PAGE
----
I’m not an agent, but I have worked in a real estate office for more than 5 years, and for a real estate lawyer a couple years before that. I can tell you I know more about real estate than many of the agents in my office do, which is pretty sad.
If you want the truth as I see it, making money in real estate IS possible, but it’s very difficult. It takes a certain kind of personality and you will need a lot of perseverence to make it work. To start, you take classes in Phases, after which there is a test. The test (at least here, I’m not sure where you’re from) is no longer open book, just fyi.
A lot of people think real estate is this “easy” cashload, you just get a listing and make a billion dollars when the sale closes. Not so! Most of our new agents get their first listing through a family member. After that, it depends on you and how you get your name out there so you can get more listings. The only pay you get is commission, and your license is expensive to maintain: rent for your office, license fees, Board dues, advertising your listings AND yourself, etc. Plus you have your own regular at-home expenses that will also come out of whatever commission you make. The thing about real estate is that you should only do it if you really WANT to be in real estate, and if you understand that it will take a lot of hard work (and maybe even a long time) to get into a secure career. Even then, the market is up and down and you have to be prepared for years when you will make more or less based on that fluctuation.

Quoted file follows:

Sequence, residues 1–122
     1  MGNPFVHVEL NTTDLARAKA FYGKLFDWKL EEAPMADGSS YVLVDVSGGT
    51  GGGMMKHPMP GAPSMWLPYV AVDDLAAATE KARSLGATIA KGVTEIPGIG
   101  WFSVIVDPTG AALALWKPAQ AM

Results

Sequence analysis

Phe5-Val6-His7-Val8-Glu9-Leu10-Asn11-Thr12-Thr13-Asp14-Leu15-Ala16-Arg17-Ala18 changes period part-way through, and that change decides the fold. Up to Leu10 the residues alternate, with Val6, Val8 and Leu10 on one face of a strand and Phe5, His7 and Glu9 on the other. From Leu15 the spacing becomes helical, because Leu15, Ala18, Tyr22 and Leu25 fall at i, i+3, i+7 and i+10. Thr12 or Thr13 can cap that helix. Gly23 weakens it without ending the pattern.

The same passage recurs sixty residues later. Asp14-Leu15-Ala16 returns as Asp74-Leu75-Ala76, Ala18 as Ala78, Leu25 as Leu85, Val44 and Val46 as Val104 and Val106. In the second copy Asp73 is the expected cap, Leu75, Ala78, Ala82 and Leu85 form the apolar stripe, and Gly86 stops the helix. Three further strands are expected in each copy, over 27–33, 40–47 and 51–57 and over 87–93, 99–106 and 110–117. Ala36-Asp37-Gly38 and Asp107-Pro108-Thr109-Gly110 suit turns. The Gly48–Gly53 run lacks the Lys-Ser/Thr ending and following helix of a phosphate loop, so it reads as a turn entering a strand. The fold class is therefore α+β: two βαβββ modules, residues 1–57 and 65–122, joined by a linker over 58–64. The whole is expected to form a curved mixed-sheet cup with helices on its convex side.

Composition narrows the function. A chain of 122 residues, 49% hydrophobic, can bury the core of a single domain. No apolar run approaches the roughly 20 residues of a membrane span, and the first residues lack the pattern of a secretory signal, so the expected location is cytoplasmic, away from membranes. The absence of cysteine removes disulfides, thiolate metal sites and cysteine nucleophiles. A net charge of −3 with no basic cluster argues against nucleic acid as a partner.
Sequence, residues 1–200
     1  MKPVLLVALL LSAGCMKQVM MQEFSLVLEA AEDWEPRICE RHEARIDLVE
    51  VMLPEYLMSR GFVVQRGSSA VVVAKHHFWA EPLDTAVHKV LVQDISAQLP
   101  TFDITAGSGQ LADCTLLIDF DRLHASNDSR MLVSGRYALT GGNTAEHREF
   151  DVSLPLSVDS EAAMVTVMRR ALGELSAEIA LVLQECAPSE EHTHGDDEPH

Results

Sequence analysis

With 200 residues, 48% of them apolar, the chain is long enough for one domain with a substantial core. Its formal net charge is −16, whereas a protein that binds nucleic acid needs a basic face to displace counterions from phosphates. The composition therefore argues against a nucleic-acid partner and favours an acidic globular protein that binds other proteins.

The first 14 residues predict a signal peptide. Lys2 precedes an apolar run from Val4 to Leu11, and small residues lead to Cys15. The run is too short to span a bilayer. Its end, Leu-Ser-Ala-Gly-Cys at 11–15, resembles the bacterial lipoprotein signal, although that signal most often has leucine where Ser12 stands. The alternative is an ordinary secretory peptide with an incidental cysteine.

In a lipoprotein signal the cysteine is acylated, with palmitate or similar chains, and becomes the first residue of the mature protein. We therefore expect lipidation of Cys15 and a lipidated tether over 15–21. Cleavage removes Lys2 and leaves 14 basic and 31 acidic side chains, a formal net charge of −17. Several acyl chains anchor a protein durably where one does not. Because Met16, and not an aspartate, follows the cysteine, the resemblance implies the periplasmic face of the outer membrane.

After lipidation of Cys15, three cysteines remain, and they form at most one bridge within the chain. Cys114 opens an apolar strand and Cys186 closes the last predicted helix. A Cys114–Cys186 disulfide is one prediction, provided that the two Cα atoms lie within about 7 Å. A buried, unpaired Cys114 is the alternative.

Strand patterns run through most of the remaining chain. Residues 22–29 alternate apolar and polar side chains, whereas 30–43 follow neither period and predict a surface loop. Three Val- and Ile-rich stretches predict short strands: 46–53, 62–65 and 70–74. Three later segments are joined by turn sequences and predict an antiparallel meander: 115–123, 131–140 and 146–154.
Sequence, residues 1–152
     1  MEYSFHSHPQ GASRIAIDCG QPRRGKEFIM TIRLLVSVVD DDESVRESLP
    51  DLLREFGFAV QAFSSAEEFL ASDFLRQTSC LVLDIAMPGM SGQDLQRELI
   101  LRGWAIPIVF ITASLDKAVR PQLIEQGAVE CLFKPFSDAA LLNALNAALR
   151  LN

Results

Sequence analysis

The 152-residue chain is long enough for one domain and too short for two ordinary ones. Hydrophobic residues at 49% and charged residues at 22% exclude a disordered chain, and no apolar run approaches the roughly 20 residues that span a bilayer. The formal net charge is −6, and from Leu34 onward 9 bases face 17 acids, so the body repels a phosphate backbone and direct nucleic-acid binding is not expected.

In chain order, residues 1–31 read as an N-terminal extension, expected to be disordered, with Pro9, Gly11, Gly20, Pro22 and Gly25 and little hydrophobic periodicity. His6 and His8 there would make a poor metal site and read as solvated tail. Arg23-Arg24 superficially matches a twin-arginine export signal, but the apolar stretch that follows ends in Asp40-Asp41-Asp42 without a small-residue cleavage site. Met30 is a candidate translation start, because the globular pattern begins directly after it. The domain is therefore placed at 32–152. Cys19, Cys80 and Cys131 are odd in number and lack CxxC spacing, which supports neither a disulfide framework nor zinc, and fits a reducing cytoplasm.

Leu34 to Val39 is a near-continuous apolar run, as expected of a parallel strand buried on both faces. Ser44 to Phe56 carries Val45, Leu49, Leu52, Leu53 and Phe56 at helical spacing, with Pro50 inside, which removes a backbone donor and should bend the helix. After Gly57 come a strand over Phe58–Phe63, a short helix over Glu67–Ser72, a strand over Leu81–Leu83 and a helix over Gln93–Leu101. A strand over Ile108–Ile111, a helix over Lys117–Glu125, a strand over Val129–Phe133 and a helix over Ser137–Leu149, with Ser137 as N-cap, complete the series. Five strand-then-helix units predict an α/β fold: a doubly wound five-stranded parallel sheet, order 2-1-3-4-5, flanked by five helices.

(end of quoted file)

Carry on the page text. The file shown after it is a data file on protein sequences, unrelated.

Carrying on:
We have agents who make a half million a year doing this, and others who haven’t done a deal in years and are living off whatever personal wealth or extra family income they have. The truth about the market (again, in my area) is that there are about 30,000+ agents, and the top 10% of them make 90% of the money. Sad but true. That 10% worked their asses off because this is really what they want to be doing, and they’re raking in serious $$$ as their reward, (which is only fair, when you think about it). Others are doing well enough to be comfortable, and others only last a few months because it isn’t what they thought it would be, so it really depends on what your expectations are.
I would recommend thinking about how much income you are expecting or think you would need in order to be satisfied, consider how much work, time and energy will go into acheiving that goal, and then if you still think it’s a good fit for you, go researching the office you’d want to work for and find out what your overhead costs would be. Their managers will be happy to answer your questions.
After that, if you stick to it, work your ass off, and if you know your stuff, you’ll be fine. 🙂 Good luck!